separating such coalesced dispersed-phase liquid drop-' 2. A process as defined in claim 1 wherein the voltage;

gradient is maintained in the range of about 35 to 60 kilovolts per inch and the rate of flow is maintained in the range of about 4 to 100 inches per second.

3. In a process for coalescing minute liquid droplets dispersed in an oil distillate, the steps of:

continuously delivering a stream of oil distillate containing dispersed liquid droplets to the entrance end of an elongate interelectrode space; continuously withdrawing from the exit end of the interelectrode space a stream of treated oil distillate containing the same amount of the dispersed liquid as was contained in the entering stream of oil and delivering such stream to a laminar flow zone; maintaining a turbulent flow in the interelectrode space at an axial rate of a magnitude to avoid arcing and in excess of about one inch per second; establishing in the interelectrode space a high voltage unidirectional electric field with a gradient in excess of about 20 kilovolts per inch for electrically coalesc- References Cited UNITED STATES PATENTS 3/1934 Roberts 204--305 X 8/ 1958 Waterman '204304 1/ 1964 Stenzel 204302 JOHN H. MACK, Primary Examiner 15 T. TUFARIELLO, Assistant Examiner U.S. Cl. X.R.

US3701723A 1971-02-22 1971-02-22 Electric treatment of dispersions Expired - Lifetime US3701723A (en)

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Cited By (7)

* Cited by examiner, † Cited by third party
Publication number Priority date Publication date Assignee Title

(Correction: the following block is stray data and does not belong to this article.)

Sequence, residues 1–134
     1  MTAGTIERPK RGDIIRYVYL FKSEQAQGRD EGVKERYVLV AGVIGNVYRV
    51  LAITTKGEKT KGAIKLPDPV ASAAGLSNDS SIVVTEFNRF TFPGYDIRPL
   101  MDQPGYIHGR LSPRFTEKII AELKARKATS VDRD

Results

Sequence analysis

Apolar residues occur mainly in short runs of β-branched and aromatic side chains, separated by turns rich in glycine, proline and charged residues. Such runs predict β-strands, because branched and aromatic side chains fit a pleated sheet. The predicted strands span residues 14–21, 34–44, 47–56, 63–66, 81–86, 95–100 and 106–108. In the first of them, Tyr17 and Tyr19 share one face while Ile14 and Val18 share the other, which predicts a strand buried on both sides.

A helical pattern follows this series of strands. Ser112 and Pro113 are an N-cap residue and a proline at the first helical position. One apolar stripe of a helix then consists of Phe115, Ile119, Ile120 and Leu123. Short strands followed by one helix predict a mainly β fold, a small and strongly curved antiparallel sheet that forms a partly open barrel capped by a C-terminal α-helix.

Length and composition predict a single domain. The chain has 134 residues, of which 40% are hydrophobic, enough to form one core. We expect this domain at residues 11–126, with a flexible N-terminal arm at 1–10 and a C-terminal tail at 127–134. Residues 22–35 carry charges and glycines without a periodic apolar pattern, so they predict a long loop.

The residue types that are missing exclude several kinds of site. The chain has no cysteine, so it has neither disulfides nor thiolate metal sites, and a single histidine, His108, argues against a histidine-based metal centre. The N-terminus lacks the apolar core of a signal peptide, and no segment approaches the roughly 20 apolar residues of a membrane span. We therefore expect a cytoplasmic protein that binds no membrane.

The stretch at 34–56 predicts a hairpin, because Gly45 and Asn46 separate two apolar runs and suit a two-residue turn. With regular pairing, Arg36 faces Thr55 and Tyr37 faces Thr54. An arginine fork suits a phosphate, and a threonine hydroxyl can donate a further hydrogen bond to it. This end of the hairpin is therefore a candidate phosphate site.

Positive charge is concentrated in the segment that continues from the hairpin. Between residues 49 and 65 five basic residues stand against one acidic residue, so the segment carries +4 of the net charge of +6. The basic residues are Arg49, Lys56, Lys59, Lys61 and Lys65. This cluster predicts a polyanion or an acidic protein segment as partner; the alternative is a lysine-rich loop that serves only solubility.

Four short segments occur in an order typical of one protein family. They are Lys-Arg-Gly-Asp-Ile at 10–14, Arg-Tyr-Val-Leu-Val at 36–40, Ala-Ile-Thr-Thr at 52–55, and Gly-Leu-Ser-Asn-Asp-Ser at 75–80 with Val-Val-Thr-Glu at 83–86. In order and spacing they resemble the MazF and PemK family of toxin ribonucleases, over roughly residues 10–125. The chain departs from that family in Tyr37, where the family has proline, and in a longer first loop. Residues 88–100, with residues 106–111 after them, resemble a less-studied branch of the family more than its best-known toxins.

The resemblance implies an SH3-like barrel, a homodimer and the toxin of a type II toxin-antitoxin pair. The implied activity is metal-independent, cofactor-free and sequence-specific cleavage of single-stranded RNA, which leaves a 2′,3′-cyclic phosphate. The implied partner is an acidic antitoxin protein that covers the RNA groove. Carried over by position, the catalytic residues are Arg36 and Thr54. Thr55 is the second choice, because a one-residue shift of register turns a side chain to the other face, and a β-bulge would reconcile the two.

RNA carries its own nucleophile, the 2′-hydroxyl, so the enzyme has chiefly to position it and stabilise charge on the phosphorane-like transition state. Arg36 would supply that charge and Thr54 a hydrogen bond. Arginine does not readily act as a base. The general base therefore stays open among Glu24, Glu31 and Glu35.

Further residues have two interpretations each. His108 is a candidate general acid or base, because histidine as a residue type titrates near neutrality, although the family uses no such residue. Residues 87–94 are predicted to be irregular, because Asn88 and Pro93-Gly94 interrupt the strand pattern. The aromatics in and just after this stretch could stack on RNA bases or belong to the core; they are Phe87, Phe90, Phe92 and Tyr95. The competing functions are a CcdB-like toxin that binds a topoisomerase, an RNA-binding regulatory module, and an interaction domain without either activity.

US3793178A (en) * 1971-05-08 1974-02-19 Hartley Simon Ltd Electrolytic flotation apparatus
US4024047A (en) * 1976-01-20 1977-05-17 Progressive Equipment Corporation Electrostatic water treatment apparatus
US4252631A (en) * 1980-01-09 1981-02-24 The United States Of America As Represented By The United States Department Of Energy Electrostatic coalescence system with independent AC and DC hydrophilic electrodes
US4661226A (en) * 1984-04-17 1987-04-28 Exxon Research And Engineering Company Separation of dispersed phase from phase mixture
GB2196954B (en) * 1986-09-11 1990-10-10 Robert William Gibbs Method and device for destroying or inhibiting growth of bacteria
WO1999062611A1 (en) * 1998-06-03 1999-12-09 Kvaerner Process Systems, A Division Of Kvaerner Canada, Inc. Compact electrostatic coalescer
WO2006003525A1 (en) 2004-06-30 2006-01-12 Aker Kvaerner Process Systems A.S. Desalting process

Cited By (10)

* Cited by examiner, † Cited by third party
Publication number Priority date Publication date Assignee Title
US3793178A (en) * 1971-05-08 1974-02-19 Hartley Simon Ltd Electrolytic flotation apparatus
US4024047A (en) * 1976-01-20 1977-05-17 Progressive Equipment Corporation Electrostatic water treatment apparatus
US4252631A (en) * 1980-01-09 1981-02-24 The United States Of America As Represented By The United States Department Of Energy Electrostatic coalescence system with independent AC and DC hydrophilic electrodes
US4661226A (en) * 1984-04-17 1987-04-28 Exxon Research And Engineering Company Separation of dispersed phase from phase mixture
GB2196954B (en) * 1986-09-11 1990-10-10 Robert William Gibbs Method and device for destroying or inhibiting growth of bacteria
WO1999062611A1 (en) * 1998-06-03 1999-12-09 Kvaerner Process Systems, A Division Of Kvaerner Canada, Inc. Compact electrostatic coalescer
US6136174A (en) * 1998-06-03 2000-10-24 Kvaerner Process Systems Compact electrostatic coalescer
WO2006003525A1 (en) 2004-06-30 2006-01-12 Aker Kvaerner Process Systems A.S. Desalting process
US20080251421A1 (en) * 2004-06-30 2008-10-16 Kvaerner Process Systems A.S. Desalting Process
US20110139624A1 (en) * 2004-06-30 2011-06-16 Aker Kvaerner Process Systems A.S. Desalting process